Del Sesto v. Prospect Chartercare, LLC, et al., No. CV 18-328 WES, 2019 WL 2162083 (D.R.I. May 17, 2019) (Judge William E. Smith). For settlement purposes only, the court preliminarily certified the following class: All participants of the St. Joseph Health Services of Rhode Island Retirement Plan (“the Plan”), including (1) all surviving former employees of St. Joseph Health Services of Rhode Island Inc. who are entitled to benefits under the Plan; and all representatives and beneficiaries of deceased former employees of St. Joseph Health Services of Rhode Island Inc. who are entitled to benefits under the Plan.” The court preliminary appointed Wistow, Sheehan & Loveley, P.C. as class counsel. The proposed settlement involves a $4.5 million deposit into Plan assets in exchange for a release of claims related to Plaintiffs’ allegations of fraud and fraudulently transferred assets.
Disability Benefit Claims
Nichols v. Reliance Standard Life Insurance Company, No. 18-60499, __F.3d__, 2019 WL 2223614 (5th Cir. May 23, 2019) (Before KING, SMITH, and WILLETT, Circuit Judges). See Notable Decision summary above.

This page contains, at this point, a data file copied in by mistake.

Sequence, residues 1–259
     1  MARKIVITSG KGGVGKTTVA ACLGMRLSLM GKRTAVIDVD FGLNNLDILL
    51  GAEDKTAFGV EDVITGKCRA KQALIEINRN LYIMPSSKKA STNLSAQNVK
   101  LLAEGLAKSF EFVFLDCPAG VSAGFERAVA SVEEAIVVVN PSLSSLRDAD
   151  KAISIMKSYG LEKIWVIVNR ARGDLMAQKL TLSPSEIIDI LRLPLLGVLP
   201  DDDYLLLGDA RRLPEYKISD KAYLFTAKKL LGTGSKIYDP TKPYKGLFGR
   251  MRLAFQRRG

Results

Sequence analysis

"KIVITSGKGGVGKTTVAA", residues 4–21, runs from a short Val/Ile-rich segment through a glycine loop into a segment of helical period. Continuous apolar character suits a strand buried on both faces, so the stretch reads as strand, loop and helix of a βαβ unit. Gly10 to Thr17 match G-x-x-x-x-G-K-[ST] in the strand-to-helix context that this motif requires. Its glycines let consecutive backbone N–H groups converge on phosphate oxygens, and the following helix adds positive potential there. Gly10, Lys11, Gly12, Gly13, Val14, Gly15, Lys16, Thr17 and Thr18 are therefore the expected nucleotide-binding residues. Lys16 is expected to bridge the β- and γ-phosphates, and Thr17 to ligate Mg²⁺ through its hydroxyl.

Schewitz, M.D. v. Aetna Life Insurance Company, No. 18-CV-6119, 2019 WL 2189263 (N.D. Ill. May 21, 2019) (Judge John Robert Blakey). In this dispute brought by a doctor disabled as a result of a serious eye injury, the court found in his favor on the issue of his “pre-disability earnings.” The Plan defines pre-disability earnings as “the amount of salary or wage you were receiving from an employer participating in the plan on the day before a period of disability started, calculated on a monthly basis.” Since he took disability status starting on February 4, 2015, his pre-disability earnings should be calculated based upon his salary as of February 3, 2015. Even though his employer had reduced his salary, his employment Agreement required it to maintain his initial salary of $322,689 through at least March 1, 2015. Thus, his benefits should be calculated based upon that amount and not the reduced amount reported by the employer.